can we use these coordinates to evaluate whether x, y is inside the triangle based on the validity of alpha, beta, gamma, also maybe restricting them to be greater than 0?

shariewang

^ yes! My comment was going to be about this. Barycentric coordinates, or areal coordinates, can extend outside the triangle, and in this case, one or more of the coordinates will be negative. Thus, as the slide says, the point is inside the triangle if all three coordinates are non-negative. Note that by derivation of these coordinates, there is one unique combination for each point.

jcebreros1

I believe alpha+beta+gamma do not have to be equal to 1 for the point-in triangle-test. But what we have is that if alpha+beta+gamma=1 then they are unique. Does anyone know what advantage unique barycentric coordinates have over non-unique coordinates?

leonardodtang

My guess would be that unique barycentric coordinates are essentially "normalized" in the sense that alpha+beta+gamma=1. The ratio between A, B, and C are unique given an (x, y) pair, so non-unique coordinates for alpha, beta, and gamma would just add up to some constant k and the new barycentric coordinates would just be kalpha, kbeta, and k*gamma. By using non-unique barycentric coordinates that don't add up to 1, it adds an extraneous k that doesn't really add any information about the system, instead necessitating us to keep track of variable k in future calculations. It's a similar argument as to why do we make a general habit of normalizing vectors in linear algebra applications. In the context of a real world example like signal filters, it's easier to make the "gain" scale from 0 to 1 since that makes the most physical sense, rather than using something like 0 to k and needing to factor k into all of our future calculations as opposed to 1.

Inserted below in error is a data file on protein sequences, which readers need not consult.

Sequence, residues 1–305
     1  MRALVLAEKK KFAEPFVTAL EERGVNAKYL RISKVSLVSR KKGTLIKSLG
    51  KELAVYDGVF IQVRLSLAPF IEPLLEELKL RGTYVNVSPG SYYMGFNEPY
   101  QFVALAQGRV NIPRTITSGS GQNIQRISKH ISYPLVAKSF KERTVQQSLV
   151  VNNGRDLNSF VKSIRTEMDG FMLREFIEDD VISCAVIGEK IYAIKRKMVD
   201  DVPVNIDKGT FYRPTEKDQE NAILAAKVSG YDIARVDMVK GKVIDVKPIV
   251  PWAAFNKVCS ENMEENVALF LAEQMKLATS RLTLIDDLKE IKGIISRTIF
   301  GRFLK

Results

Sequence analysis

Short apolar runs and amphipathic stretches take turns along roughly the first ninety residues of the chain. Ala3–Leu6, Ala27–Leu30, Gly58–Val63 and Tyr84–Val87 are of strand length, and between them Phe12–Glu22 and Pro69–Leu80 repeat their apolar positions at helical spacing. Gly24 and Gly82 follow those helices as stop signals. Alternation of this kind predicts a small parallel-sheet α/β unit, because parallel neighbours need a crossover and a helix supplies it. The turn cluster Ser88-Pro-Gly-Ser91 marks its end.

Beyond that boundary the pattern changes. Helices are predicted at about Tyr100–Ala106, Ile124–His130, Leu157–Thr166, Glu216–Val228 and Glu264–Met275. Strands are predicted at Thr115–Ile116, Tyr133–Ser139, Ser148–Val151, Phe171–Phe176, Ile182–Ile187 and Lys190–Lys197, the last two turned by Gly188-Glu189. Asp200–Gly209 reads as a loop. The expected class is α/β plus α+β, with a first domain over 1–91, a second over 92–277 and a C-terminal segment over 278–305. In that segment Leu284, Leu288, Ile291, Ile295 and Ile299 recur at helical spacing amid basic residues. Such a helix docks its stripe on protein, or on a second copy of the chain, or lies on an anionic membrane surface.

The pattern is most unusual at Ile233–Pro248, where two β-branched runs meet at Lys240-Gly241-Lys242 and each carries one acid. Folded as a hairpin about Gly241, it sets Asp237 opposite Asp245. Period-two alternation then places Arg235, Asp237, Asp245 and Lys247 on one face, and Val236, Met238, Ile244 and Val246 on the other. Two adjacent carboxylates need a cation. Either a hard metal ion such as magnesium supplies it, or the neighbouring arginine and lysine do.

anthonyhsyu

Yes, the alpha+beta+gamma=1 is an additional constraint to make a unique solution. When solving for the system, we want to find alpha, beta, and gamma given just x and y, so we can only form two equations to solve for three variables. Adding this constraint adds a third equation to help find a unique solution.

camrankolahdouz

^ I was wondering how it would be solve-able with the three unknowns and two equations. Thanks for the sanity check

andrewdotwang

Seems like if any of alpha, beta, gamma are less than 0, then the point is not inside the triangle, but still in the plane spanned by A, B, C.

jxiang16

yup, you'll need to check that all of them are between 0 and 1 to be sure the point is in the triangle, and otherwise, it'd still be in the same plane.

can we use these coordinates to evaluate whether x, y is inside the triangle based on the validity of alpha, beta, gamma, also maybe restricting them to be greater than 0?

^ yes! My comment was going to be about this. Barycentric coordinates, or areal coordinates, can extend outside the triangle, and in this case, one or more of the coordinates will be negative. Thus, as the slide says, the point is inside the triangle if all three coordinates are non-negative. Note that by derivation of these coordinates, there is one unique combination for each point.

I believe alpha+beta+gamma do not have to be equal to 1 for the point-in triangle-test. But what we have is that if alpha+beta+gamma=1 then they are unique. Does anyone know what advantage unique barycentric coordinates have over non-unique coordinates?

My guess would be that unique barycentric coordinates are essentially "normalized" in the sense that alpha+beta+gamma=1. The ratio between A, B, and C are unique given an (x, y) pair, so non-unique coordinates for alpha, beta, and gamma would just add up to some constant k and the new barycentric coordinates would just be k

alpha, kbeta, and k*gamma. By using non-unique barycentric coordinates that don't add up to 1, it adds an extraneous k that doesn't really add any information about the system, instead necessitating us to keep track of variable k in future calculations. It's a similar argument as to why do we make a general habit of normalizing vectors in linear algebra applications. In the context of a real world example like signal filters, it's easier to make the "gain" scale from 0 to 1 since that makes the most physical sense, rather than using something like 0 to k and needing to factor k into all of our future calculations as opposed to 1.Yes, the alpha+beta+gamma=1 is an additional constraint to make a unique solution. When solving for the system, we want to find alpha, beta, and gamma given just x and y, so we can only form two equations to solve for three variables. Adding this constraint adds a third equation to help find a unique solution.

^ I was wondering how it would be solve-able with the three unknowns and two equations. Thanks for the sanity check

Seems like if any of alpha, beta, gamma are less than 0, then the point is not inside the triangle, but still in the plane spanned by A, B, C.

yup, you'll need to check that all of them are between 0 and 1 to be sure the point is in the triangle, and otherwise, it'd still be in the same plane.